New Motto: Living and Learning
As some of you may know, I've been in Trinidad for over a month now after spending an amazing, life changing year in Bogotá, Colombia. I experienced SO MUCH which has impacted on my life and helped me to see and understand things differently. After reading a friend's blog (www.aysafaysa.blogspot.com) and flicking through some pictures of my friends and I in Colombia, I felt inspired to finally sit down and write this blog post since the idea had been floating around in my head for some time now. The idea concerned all the intangible things I learned during my year in Colombia and how I've started to and/ or intend to adopt them in my everyday life. Sharing is caring and self evaluation is a good thing so I figure that this blog post would kill two birds with one stone. Quite resourceful if you ask me!
Two weeks prior to my departure for Colombia, my Dad called me outside and asked if I could fry sausage with onions and prepare breakfast for myself. I knew that my Dad meant well but his question left me unsettled and worried about how I was going to survive for a year without my parents. My Mum had attempted to teach me how to cook but nothing seemed to stick. Thus, when I left for Colombia two weeks later, I had decided that I would have to survive by minimalist means until further notice. After the pelau debacle of 2010 where my friend and I made a pelau without bursting the pigeon peas, I can safely say that I can handle my stories in the kitchen, bachelor style. Don't get me wrong, I'm no Wolfgang Puck but, if you're into spaghetti, red beans, store- bought rotisserie chicken and juice; I'm your guy. On one or two occasions, I actually seasoned my own meat and grilled it. I can also do pretty rudimentary stuff in the kitchen so I'm not worried much anymore. Another version of learning to survive comes from the fact that I learned how to travel around a big city like Bogotá. Mind you, there were times when I ended up in another part of the city but that's nothing because I wholeheartedly believe that getting lost helps you to know what not to take the next time around. Plus, it's fun! I'm not as navigationally retarded as I was. Overall, I came back to Trinidad in one piece, ready to inculcate my new found survival skills into my life and possibly, pick up some more along the way.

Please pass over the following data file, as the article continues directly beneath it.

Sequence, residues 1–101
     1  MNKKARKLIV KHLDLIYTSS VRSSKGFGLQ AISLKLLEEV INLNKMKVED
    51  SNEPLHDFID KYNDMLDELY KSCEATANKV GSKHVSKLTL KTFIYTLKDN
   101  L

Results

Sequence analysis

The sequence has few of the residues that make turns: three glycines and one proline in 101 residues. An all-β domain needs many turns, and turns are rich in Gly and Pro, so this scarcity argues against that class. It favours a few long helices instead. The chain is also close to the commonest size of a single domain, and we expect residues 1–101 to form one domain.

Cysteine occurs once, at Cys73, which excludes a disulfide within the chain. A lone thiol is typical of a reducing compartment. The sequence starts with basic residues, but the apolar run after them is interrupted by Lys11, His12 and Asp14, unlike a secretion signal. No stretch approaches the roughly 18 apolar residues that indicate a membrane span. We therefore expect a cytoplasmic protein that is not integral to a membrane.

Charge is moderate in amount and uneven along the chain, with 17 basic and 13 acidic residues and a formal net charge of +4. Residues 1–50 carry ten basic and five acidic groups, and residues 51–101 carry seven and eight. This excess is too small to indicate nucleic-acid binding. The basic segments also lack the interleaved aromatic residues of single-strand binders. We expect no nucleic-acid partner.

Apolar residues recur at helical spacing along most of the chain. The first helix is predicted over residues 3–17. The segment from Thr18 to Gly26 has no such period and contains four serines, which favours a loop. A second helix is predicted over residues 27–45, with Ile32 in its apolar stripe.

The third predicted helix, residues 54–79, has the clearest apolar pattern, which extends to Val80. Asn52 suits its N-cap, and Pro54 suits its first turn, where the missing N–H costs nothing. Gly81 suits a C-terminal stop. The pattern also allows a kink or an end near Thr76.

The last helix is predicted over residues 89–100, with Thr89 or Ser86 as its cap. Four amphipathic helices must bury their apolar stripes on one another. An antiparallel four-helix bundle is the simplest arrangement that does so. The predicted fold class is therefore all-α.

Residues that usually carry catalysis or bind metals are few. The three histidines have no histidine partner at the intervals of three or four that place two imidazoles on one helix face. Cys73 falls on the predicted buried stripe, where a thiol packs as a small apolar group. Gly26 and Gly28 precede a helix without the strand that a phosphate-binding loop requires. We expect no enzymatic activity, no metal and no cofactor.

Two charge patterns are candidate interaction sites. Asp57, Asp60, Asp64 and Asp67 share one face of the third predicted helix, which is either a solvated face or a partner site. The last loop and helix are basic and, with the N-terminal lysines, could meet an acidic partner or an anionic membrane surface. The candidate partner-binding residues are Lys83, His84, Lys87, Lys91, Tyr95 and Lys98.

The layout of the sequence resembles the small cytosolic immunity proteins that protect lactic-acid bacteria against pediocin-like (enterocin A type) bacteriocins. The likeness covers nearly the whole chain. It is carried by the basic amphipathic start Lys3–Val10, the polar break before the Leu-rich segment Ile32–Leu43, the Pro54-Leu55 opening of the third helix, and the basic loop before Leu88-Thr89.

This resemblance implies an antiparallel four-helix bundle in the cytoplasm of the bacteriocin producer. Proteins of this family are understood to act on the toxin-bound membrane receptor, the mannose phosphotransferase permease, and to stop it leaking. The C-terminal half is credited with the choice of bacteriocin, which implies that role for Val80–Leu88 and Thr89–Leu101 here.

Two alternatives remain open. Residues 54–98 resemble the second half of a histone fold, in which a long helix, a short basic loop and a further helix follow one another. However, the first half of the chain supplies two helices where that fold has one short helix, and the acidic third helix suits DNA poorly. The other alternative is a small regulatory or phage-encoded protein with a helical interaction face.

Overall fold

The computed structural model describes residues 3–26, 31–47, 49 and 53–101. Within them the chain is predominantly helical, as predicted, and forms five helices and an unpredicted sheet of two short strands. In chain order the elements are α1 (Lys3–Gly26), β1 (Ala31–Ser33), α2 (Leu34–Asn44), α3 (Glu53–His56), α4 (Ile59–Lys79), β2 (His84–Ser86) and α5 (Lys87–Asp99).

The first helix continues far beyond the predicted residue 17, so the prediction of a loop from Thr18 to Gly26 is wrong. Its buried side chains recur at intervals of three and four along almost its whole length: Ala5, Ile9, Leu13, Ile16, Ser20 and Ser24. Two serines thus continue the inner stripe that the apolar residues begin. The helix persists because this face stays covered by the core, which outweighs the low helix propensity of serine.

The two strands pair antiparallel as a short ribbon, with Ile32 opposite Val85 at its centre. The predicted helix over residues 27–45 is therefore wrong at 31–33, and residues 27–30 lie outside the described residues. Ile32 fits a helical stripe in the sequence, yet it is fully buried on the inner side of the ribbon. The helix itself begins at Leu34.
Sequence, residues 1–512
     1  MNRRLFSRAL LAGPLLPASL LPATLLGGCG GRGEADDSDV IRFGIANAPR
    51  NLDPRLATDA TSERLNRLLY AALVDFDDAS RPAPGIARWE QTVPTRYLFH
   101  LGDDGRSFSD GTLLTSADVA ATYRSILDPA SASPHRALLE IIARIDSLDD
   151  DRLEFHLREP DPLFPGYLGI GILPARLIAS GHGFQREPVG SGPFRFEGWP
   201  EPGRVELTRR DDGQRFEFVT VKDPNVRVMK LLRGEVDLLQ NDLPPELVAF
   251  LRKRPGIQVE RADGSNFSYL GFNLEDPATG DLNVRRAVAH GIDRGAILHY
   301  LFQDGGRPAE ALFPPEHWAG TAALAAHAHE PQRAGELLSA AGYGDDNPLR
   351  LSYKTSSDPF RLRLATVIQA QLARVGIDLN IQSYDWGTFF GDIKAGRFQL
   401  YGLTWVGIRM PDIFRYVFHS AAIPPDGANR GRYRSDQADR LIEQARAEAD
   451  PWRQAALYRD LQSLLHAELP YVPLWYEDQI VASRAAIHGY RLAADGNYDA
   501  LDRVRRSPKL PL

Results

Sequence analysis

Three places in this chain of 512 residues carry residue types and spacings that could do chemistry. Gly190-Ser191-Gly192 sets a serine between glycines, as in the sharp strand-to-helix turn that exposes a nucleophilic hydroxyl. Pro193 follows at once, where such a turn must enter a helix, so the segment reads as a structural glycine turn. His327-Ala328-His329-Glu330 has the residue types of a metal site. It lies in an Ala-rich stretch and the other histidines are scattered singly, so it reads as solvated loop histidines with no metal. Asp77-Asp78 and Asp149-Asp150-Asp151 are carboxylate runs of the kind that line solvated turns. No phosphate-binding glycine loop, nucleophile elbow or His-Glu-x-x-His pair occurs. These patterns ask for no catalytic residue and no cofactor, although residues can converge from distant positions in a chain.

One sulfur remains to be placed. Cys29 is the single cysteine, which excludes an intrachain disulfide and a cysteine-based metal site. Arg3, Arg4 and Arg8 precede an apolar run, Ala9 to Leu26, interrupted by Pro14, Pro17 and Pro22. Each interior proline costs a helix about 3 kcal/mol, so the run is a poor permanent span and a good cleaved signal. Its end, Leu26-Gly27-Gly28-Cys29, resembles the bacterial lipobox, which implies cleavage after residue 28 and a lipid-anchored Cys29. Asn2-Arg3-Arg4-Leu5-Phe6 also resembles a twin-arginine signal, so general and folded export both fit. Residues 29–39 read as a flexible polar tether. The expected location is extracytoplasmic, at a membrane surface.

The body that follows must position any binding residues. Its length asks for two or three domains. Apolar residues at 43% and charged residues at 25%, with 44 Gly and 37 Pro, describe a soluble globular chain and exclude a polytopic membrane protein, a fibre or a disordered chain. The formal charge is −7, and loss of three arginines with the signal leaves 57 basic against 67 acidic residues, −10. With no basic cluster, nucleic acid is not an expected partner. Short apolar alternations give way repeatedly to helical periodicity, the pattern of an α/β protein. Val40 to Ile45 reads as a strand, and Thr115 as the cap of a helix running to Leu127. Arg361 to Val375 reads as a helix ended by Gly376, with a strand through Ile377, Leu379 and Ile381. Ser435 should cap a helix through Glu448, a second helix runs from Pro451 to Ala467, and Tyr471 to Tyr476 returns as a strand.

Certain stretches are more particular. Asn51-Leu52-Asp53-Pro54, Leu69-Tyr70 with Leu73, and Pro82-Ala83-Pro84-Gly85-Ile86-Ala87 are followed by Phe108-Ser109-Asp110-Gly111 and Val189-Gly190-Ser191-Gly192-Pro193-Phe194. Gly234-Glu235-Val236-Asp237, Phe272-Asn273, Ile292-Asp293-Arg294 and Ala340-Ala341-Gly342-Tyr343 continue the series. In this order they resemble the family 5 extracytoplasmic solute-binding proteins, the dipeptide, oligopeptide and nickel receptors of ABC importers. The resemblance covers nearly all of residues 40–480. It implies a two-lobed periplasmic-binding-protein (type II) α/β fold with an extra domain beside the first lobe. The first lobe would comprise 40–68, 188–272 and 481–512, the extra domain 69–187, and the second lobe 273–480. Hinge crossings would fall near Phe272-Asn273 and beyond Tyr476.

I love my family and I appreciate everything they do for me. I let them know this everyday and I try to be a good son/ grandson and make them proud. There is something about being away from your family for a long period of time, in a foreign country living in the apartment of a budding dictator. For some reason, you start to yearn for what you had at home and begin to truly understand and appreciate EVERYTHING that your family has done for you. My parents and grandmother work really hard to send me to University full- time whilst providing for my basic necessities and beyond. I try my best to make them proud but I have been slacking off. I mean, I don't put an 100% into my university studies; I'm capable of straight A's and being at the First Class Honours level but due to laziness and complacency, I've been falling short of realizing my true potential. Thankfully, I've re- discovered my scholastic fervour, a new version perhaps but, a fervour nonetheless. My new goal is to graduate with First Class Honours and make my parents and grandmother EXTREMELY proud of me and know that their sacrifices were not in vain. Whenever I feel down-trodden and want to give up which, I will because UWI has a way of getting to you, I'll think about my family and all the sacrifices they are making and will continue to make for me. I'm not only appreciative of the sacrifices my family made but I'm also grateful for EVERYTHING that they taught me while growing up. I'm always commended on my manners, my "clean" appearance and my chivalrous demeanour; those traits that I learned from my family. THANK YOU!